Do you know the legal implications of bringing your employees back to the office?
- Should employees be asked to waive liability to return to work?
- Can employers require an employee get the COVID-19 vaccine before returning to work?
- What should an employer do if an employee claims they cannot come in to work for medical reasons?
- What are employers required to do if an employee reports to work sick with COVID-19?
The Paycheck Protection Program (PPP), which was established by the federal government under the CARES Act earlier this year, has benefited some 700,000 businesses feeling the economic pressures resulting from the COVID-19 pandemic. As M&A activity starts to pick up, buyers and sellers need to be aware of new guidance from the Small Business Administration (SBA) regarding changes in ownership. The inclusion of a PPP loan in an M&A transaction necessitates additional diligence and tailored discussions between the parties to ensure the transaction is appropriately structured and can close when desired by the parties.
Although Northern Virginia, Maryland and DC are not yet ready to begin easing COVID-19 restrictions, business leaders are preparing now. What can landlords and tenants do today to survive a challenging second quarter, prepare for reopening, and emerge strong for the rest of 2020? In Part I of OFP’s COVID-19 Commercial Leasing Playbook, we focus on steps that landlords should be considering as they work together with all stakeholders to document a realistic short-term plan and remain flexible in the coming months. Click here to learn more.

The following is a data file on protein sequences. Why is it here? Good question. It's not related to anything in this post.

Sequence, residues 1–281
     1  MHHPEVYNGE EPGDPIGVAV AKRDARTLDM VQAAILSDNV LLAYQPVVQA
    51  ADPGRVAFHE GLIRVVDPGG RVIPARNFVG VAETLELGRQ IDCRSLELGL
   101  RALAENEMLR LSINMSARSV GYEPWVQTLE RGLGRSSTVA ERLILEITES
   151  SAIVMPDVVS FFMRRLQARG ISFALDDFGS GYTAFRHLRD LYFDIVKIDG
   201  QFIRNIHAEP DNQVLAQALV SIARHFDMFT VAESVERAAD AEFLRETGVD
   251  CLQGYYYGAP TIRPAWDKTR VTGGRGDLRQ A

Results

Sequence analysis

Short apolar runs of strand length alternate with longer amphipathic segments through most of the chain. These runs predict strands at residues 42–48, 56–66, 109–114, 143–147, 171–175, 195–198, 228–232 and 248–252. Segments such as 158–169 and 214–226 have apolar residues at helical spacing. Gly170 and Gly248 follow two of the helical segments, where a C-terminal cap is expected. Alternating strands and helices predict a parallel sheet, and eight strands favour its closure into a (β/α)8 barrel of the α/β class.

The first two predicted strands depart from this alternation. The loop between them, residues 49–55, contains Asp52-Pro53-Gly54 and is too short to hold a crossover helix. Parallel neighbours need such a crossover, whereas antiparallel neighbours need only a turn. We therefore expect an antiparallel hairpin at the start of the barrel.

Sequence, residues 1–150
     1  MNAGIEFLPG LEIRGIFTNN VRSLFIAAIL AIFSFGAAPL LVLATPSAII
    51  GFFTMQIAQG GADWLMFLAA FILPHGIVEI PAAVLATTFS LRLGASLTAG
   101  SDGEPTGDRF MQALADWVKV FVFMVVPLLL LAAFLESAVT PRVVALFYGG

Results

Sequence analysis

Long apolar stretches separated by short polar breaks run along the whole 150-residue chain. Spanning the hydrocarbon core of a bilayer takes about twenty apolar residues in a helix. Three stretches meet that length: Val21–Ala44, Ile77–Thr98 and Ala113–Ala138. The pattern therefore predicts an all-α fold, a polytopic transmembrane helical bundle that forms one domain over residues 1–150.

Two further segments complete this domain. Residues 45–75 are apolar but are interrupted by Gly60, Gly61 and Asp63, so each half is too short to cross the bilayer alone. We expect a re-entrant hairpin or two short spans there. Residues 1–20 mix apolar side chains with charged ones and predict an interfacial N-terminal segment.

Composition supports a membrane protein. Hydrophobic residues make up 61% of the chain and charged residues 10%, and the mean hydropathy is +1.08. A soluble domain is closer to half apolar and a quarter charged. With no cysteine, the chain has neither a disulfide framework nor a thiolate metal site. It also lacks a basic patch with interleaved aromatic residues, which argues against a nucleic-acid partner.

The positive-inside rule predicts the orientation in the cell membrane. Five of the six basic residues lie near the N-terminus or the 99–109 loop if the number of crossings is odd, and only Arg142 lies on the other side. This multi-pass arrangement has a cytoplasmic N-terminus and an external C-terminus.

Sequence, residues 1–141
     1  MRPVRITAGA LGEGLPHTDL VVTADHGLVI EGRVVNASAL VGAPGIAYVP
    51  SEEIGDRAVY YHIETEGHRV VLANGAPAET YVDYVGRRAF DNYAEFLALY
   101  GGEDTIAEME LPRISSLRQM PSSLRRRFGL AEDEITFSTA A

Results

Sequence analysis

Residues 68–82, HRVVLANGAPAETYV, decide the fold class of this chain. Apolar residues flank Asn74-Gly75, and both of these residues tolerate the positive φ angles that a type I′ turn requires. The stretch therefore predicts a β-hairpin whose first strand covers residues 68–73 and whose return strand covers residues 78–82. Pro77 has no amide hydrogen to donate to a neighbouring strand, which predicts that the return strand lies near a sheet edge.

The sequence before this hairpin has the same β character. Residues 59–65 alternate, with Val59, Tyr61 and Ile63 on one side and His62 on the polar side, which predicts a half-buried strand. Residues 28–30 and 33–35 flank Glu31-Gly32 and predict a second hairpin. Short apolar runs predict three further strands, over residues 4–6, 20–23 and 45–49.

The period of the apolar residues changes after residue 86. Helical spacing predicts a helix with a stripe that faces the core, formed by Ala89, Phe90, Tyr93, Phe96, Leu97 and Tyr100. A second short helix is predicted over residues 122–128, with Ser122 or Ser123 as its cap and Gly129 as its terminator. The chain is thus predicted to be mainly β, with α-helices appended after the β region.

Following approval last evening by the House of Representatives and signature earlier today by the President, Congress has green-lighted an additional $310 billion for the Payroll Protection Program (PPP), a provision under the CARES Act designed to assist
small businesses that have been economically affected by the COVID-19 pandemic.
On April 3, 2020, GSA applied a class-wide waiver of the Buy America Act (BAA) and the Trade Agreements Act (TAA) for the acquisition of personal protective equipment.
Last night, April 2, the SBA issued an Interim Final Rule for the Paycheck Protection Program. You can find the Interim Rule here. These rules are not final but do contain multiple changes and interpretations of the Act that will affect the loan amount,
potential repayments, among other items. In particular, the SBA is now stating the interest rate on the loans will be 1% (rather than .5%) and the term will be 24 months.
On the heels of the Office of Management and Budget’s (OMB) memorandum encouraging agencies to consider requests for equitable adjustment (REAs) for increased costs related to COVID-19, the U.S. Department of Defense (DOD) issued a similar memorandum
for defense agencies on March 30, 2020.
Paycheck Protection Program Under The Coronavirus Aid, Relief, and Economic Security Act (“CARES Act”)
As has been well publicized, the Coronavirus Aid, Relief, and Economic Security Act (CARES Act) is a $2 trillion economic relief package enacted to help individuals and businesses in the United States weather the severe financial impact of the COVID-19